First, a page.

In Q1 2017, Russia and Belarus will try to find a way-out of their last year’s oil and gas conflict. They are likely to consider some mutual concessions as neither of them would like to see their contacts broken, a group of energy experts have told EADaily.
According to senior expert at the National Energy Security Fund Stanislav Mitrakhovich, in this conflict, oil is a weapon the sides are using to pressure one another.
“As you may know, Belarusian President Alexander Lukashenko wants Gazprom to charge his country the price it charges the neighboring Russian regions, for example, Smolensk. In Smolensk, people pay just $70 per 1,000 c m. This a very low price. The price Belarus pays to Gazprom is also low but the Belarusians want it to be even lower and are trying to pressure the Russians in the oil sector. They are currently looking for alternatives to Russian oil, while the Russians have cut their oil supplies to Belarus. This is a big problem for the Belarusians as they earn a lot of money by refining Russian oil and sell the products to Europe,” Mitrakhovich said.
The cut in Russian oil supplies to Belarus is the Russians’ counterstrike. “They are trying to bring the Belarusians back to senses as Lukashenko not just wants the price to be lower but refuses to pay his $400mn gas debt. Last year, the sides agreed on an inter-budget compensation for Belarus. It is supposed to be bigger than the debt. But this agreement has not been put into practice and the sides continue to argue,” Mitrakhovich said.
“Today, Lukashenko is looking for alternatives to Russian oil. He says that he will find oil in other regions and even in his own country. As a result, some people began rumoring about huge oil resources in Belarus. But in reality Belarus has just small oil zones. Lukashenko says he will find oil in Iran but there are no guarantees that Iranian oil will be cheaper. A few years ago, Lukashenko also had a dispute with Russia and was going to buy oil from Venezuela. Later, he found out that Russian oil was cheaper and was forced to accept Russia’s terms,” Mitrakhovich said.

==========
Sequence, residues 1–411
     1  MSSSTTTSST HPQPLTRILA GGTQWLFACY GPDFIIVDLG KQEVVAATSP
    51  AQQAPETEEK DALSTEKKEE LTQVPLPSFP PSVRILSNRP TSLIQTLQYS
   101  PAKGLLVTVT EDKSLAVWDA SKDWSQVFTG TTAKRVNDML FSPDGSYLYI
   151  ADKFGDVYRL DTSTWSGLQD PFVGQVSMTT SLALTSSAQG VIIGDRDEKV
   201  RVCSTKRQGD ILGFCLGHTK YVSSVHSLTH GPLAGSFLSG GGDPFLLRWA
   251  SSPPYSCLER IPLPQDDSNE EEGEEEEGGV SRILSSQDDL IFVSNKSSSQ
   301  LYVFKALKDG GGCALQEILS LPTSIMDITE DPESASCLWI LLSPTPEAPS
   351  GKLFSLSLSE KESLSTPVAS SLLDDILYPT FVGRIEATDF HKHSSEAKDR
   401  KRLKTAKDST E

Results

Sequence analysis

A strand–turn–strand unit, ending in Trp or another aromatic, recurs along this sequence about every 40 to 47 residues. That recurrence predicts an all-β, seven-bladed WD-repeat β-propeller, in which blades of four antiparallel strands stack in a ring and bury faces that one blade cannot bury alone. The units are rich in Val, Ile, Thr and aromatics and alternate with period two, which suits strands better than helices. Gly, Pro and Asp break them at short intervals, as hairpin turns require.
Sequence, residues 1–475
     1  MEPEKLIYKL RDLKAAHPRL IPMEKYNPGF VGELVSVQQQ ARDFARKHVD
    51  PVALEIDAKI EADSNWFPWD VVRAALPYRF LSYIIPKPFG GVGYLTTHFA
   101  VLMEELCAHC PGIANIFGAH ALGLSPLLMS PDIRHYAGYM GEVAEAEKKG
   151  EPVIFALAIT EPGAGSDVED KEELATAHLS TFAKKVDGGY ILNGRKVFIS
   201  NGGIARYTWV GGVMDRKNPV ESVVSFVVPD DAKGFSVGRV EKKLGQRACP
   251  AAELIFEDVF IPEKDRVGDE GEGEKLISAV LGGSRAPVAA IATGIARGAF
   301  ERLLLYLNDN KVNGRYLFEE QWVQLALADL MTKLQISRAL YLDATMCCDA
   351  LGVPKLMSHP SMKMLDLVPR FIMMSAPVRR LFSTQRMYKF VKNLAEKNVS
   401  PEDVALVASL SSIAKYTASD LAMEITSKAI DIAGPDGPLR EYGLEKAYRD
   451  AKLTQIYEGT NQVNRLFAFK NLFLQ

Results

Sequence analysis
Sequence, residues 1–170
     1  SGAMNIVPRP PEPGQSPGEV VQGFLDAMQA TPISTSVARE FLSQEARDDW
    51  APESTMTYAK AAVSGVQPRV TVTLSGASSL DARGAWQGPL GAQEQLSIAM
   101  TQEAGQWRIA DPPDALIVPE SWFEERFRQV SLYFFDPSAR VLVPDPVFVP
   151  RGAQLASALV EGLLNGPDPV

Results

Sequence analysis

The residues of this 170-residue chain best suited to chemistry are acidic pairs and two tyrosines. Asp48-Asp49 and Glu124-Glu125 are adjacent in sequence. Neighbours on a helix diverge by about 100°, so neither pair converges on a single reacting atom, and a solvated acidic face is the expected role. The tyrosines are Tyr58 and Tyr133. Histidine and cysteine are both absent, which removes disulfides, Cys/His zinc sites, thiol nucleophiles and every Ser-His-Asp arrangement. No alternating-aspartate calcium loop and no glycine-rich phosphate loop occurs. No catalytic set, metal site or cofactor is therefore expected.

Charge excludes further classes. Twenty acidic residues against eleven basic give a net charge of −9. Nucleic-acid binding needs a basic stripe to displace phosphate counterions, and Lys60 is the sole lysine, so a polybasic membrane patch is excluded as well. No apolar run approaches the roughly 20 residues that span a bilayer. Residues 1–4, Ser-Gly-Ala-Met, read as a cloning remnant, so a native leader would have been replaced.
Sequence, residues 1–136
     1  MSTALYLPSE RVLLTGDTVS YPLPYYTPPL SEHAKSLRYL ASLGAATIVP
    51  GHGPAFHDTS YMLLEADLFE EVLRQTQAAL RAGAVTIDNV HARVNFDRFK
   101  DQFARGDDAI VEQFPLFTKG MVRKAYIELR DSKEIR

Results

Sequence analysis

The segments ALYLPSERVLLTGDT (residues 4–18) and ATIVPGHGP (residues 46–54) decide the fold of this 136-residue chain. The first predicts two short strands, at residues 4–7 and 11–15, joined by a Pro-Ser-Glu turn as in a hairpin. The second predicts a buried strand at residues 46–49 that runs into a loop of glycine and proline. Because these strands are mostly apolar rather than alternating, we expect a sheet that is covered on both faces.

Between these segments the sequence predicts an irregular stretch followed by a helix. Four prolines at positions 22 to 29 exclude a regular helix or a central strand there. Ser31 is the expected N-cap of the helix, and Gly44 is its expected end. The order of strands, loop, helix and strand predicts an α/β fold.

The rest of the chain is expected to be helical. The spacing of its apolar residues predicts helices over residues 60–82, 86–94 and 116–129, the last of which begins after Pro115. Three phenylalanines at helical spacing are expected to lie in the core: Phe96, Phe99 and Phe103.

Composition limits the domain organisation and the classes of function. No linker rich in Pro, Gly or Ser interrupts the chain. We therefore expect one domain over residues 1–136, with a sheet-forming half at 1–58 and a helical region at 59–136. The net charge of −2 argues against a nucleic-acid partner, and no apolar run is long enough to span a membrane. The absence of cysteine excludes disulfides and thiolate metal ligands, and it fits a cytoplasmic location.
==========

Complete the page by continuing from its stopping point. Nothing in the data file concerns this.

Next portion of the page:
He expects a similar ending now. “Lukashenko will find out that he is unable to get a cheaper alternative to Russian oil and will be forced to acknowledge the debt. Russia may offer a discount. I think the sides will find some compromise but it will not be the ne Lukashenko is looking for,” Mitrakhovich said.
“Here we should keep in mind the politics. Lukashenko is blackmailing Russia and oil is not the only weapon here. The Belarusian president is warning that it may turn his face towards the West. But with Trump already in power in the United States and Francoise Fillon likely to win in France, Lukashenko may have problems with this card,” Mitrakhovich said.
Sergey Agibalov, Head of Sector at Economic Department of the Institute for Energy and Finance, does not think that the Russian-Belarusian talks are in a stalemate. “I think the cut in Russian oil supplies was a good decision. Until now we have been too soft on Belarus. Now hopefully logic will prevail and we will start building normal economic relations - because the Belarusians want too many concessions from us, don’t they?” Agibalov said.
He expects the sides to come to terms. “The Russians will provide subsidies but this time they will be smaller,” he said.
Head of the Analytical Department of the National Energy Security Fund Alexander Pasechnik sees no progress in the Russian-Belarusian oil and gas talks. “I see no signs of progress yet. On the contrary, both sides are becoming increasingly tougher. Russia has cut its oil supplies to Belarus so as to force it to repay its gas debts, while Belarus is going to raise the transit tariff for Russian oil. In hope that in the first three months of this year the sides will try to solve these problems,” Pasechnik said.
He hopes that the sides will come to terms. “The Belarusians will only lose if they stop their contacts with the Russians and try to find alternative oil suppliers. The projects to import oil from Venezuela and Azerbaijan were pilot projects and both proved to be ineffective. Russian oil has no alternatives for Belarusian oil refineries and oil refining is one of the pillars of the Belarusian economy,” Pasechnik said.
As EADaily reported earlier, on Jan 13, 2017, Russia announced that it would supply only 4 million tons of oil in Q1 2017. In response, Belarus has decided to raise the tariff for the transit of Russia oil to Europe.